The Great Wall of China Is Under Siege

China’s ancient 4,000-mile barrier, built to defend the country against invaders, is under renewed attack

Sun Zhenyuan views preserving the wall as a sacred mission: “If you had an old house that people were damaging, wouldn’t you want to protect it?” (Mark Leong/ Redux)
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The plundering of the Great Wall, once fed by poverty, is now fueled by progress. In the early days of the People's Republic, in the 1950s, peasants pilfered tamped earth from the ramparts to replenish their fields, and stones to build houses. (I recently visited families in the Ningxia town of Yanchi who still live in caves dug out of the wall during the Cultural Revolution of 1966-76.) Two decades of economic growth have turned small-scale damage into major destruction. In Shizuishan, a heavily polluted industrial city along the Yellow River in northern Ningxia, the wall has collapsed because of erosion—even as the Great Wall Industrial Park thrives next door. Elsewhere in Ningxia, construction of a paper mill in Zhongwei and a petrochemical factory in Yanchi has destroyed sections of the wall.

Regulations enacted in late 2006—focusing on protecting the Great Wall in its entirety—were intended to curb such abuses. Damaging the wall is now a criminal offense. Anyone caught bulldozing sections or conducting all-night raves on its ramparts—two of many indignities the wall has suffered—now faces fines. The laws, however, contain no provisions for extra personnel or funds. According to Dong Yaohui, president of the China Great Wall Society, "The problem is not lack of laws, but failure to put them into practice."

Enforcement is especially difficult in Ningxia, where a vast, 900-mile-long network of walls is overseen by a cultural heritage bureau with only three employees. On a recent visit to the region, Cheng Dalin investigated several violations of the new regulations and recommended penalties against three companies that had blasted holes in the wall. But even if the fines were paid—and it's not clear that they were—his intervention came too late. The wall in those three areas had already been destroyed.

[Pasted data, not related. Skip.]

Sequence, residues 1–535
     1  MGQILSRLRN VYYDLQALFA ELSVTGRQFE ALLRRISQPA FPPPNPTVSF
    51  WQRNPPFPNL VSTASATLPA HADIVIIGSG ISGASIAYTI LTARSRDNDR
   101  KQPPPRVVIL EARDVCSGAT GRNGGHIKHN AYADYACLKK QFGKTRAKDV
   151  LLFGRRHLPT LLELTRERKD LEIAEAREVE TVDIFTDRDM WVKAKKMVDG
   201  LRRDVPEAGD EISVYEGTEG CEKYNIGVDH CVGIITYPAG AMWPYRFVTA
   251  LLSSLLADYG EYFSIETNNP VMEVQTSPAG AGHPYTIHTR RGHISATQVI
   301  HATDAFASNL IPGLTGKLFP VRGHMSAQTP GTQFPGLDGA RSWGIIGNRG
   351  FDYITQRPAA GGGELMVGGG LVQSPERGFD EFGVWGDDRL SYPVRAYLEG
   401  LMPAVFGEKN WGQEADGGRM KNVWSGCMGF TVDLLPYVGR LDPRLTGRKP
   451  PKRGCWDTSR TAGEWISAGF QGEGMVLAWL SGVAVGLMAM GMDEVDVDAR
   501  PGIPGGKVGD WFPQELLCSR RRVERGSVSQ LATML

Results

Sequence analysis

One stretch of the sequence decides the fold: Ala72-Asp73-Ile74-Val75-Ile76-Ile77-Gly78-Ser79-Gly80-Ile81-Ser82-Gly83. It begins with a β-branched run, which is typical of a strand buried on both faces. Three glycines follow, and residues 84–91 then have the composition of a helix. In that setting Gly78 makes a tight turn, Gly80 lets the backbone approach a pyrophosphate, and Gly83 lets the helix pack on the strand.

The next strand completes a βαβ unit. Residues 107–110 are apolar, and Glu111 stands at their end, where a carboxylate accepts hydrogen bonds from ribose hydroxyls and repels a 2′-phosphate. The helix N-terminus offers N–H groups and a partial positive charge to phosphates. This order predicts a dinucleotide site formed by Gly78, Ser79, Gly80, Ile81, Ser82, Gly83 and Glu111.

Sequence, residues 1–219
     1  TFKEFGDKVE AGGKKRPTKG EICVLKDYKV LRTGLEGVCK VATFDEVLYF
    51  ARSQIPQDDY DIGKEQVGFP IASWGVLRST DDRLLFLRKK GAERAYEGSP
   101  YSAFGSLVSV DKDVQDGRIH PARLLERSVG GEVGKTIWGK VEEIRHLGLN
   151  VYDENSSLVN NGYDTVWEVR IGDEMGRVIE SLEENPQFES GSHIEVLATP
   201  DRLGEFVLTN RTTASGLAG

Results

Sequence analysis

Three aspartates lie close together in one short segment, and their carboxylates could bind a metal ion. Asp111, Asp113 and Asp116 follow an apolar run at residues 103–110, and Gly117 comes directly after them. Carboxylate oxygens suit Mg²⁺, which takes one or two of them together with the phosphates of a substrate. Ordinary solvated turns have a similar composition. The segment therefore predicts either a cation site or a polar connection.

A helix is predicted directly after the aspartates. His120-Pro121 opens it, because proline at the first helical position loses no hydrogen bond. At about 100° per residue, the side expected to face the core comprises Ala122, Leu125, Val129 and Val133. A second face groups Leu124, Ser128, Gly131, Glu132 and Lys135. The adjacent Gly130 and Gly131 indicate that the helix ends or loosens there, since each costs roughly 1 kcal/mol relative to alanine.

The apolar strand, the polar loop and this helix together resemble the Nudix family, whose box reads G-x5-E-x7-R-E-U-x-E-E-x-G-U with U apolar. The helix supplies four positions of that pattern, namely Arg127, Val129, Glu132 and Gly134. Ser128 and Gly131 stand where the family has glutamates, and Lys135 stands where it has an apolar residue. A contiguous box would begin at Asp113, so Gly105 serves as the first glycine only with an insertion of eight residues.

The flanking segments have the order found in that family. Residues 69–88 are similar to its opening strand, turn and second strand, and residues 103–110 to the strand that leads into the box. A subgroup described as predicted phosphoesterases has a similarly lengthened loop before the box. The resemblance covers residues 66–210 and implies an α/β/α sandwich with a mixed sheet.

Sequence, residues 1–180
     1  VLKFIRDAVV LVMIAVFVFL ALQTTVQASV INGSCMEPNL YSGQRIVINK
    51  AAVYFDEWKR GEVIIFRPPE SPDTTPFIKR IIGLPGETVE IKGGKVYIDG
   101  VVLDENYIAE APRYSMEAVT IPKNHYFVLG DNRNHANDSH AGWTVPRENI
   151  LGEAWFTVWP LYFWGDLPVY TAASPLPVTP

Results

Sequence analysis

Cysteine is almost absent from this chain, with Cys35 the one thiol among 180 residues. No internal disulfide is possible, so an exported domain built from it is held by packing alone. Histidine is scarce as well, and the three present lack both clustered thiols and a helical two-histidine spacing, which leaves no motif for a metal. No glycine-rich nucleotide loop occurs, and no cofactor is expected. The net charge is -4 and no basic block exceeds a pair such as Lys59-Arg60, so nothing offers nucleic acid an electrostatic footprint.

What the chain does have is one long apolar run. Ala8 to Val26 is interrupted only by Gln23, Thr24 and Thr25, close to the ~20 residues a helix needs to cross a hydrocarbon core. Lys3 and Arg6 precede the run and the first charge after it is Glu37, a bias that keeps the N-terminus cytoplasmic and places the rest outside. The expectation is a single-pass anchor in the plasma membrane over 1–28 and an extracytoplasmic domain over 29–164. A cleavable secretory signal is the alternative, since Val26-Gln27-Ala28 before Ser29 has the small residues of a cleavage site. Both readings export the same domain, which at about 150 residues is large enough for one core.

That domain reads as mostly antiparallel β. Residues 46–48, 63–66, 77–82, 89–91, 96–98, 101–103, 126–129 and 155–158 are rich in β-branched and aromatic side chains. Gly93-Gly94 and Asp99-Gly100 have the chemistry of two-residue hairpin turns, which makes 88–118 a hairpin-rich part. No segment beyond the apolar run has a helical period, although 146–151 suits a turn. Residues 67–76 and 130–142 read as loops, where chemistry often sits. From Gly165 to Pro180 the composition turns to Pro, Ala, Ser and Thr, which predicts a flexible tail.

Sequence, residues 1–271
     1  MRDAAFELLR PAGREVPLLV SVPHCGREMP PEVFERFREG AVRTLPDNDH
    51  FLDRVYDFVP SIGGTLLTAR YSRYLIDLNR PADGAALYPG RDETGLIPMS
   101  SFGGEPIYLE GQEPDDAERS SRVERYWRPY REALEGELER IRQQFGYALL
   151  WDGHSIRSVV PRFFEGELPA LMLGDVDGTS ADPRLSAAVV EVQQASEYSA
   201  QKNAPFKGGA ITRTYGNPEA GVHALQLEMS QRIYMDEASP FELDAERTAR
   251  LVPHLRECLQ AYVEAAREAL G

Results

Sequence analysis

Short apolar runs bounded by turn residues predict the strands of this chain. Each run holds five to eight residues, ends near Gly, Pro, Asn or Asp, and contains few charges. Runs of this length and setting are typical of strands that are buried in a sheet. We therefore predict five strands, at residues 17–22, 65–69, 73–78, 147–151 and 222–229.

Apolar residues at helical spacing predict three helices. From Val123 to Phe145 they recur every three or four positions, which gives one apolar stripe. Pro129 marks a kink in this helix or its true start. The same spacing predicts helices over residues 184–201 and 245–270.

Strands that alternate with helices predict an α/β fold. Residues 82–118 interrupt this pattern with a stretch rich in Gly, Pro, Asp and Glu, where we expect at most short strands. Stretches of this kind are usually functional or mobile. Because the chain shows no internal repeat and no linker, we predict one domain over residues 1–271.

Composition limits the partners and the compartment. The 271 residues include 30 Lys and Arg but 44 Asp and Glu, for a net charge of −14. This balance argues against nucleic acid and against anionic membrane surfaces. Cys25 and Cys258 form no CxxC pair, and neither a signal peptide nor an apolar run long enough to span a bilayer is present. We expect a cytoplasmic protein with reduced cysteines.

Back on the hilltop, I ask Ding if watching the wall's slow disintegration provokes a sense of loss. He shrugs and offers me a piece of guoba, the crust of scorched rice scraped from the bottom of a pot. Unlike Sun, my guide in Hebei, Ding confesses that he has no special feeling for the wall. He has lived in a mud-brick shack on its Inner Mongolian side for three years. Even in the wall's deteriorated condition, it shields him from desert winds and provides his sheep with shelter. So Ding treats it as nothing more, or less, than a welcome feature in an unforgiving environment. We sit in silence for a minute, listening to the sound of sheep ripping up the last shoots of grass on these rocky hills. This entire area may be desert soon, and the wall will be more vulnerable than ever. It's a prospect that doesn't bother Ding. "The Great Wall was built for war," he says. "What's it good for now?"

A week later and a thousand miles away in Shandong Province, I stare at a section of wall zig-zagging up a mountain. From battlements to watchtowers, the structure looks much like the Ming wall at Badaling. On closer inspection, however, the wall here, near the village of Hetouying, is made not of stone but of concrete grooved to mimic stone. The local Communist Party secretary who oversaw the project from 1999 on must have figured that visitors would want a wall like the real thing at Badaling. (A modest ancient wall, constructed here 2,000 years before the Ming, was covered over.)